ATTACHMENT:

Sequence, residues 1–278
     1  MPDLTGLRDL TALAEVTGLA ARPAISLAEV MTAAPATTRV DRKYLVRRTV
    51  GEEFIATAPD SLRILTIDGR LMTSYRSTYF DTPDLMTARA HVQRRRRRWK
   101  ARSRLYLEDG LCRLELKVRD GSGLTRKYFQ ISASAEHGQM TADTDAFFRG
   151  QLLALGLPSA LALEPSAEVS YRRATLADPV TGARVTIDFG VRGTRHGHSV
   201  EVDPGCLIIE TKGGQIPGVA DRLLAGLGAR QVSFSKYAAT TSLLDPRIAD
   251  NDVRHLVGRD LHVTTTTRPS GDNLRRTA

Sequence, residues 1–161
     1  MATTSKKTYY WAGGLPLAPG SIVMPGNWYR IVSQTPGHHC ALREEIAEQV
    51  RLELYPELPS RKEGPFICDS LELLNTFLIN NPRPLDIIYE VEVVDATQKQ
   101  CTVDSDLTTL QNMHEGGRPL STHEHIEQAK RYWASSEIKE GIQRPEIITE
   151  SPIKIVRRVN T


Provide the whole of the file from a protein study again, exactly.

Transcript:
Sequence, residues 1–278
     1  MPDLTGLRDL TALAEVTGLA ARPAISLAEV MTAAPATTRV DRKYLVRRTV
    51  GEEFIATAPD SLRILTIDGR LMTSYRSTYF DTPDLMTARA HVQRRRRRWK
   101  ARSRLYLEDG LCRLELKVRD GSGLTRKYFQ ISASAEHGQM TADTDAFFRG
   151  QLLALGLPSA LALEPSAEVS YRRATLADPV TGARVTIDFG VRGTRHGHSV
   201  EVDPGCLIIE TKGGQIPGVA DRLLAGLGAR QVSFSKYAAT TSLLDPRIAD
   251  NDVRHLVGRD LHVTTTTRPS GDNLRRTA

Sequence, residues 1–161
     1  MATTSKKTYY WAGGLPLAPG SIVMPGNWYR IVSQTPGHHC ALREEIAEQV
    51  RLELYPELPS RKEGPFICDS LELLNTFLIN NPRPLDIIYE VEVVDATQKQ
   101  CTVDSDLTTL QNMHEGGRPL STHEHIEQAK RYWASSEIKE GIQRPEIITE
   151  SPIKIVRRVN T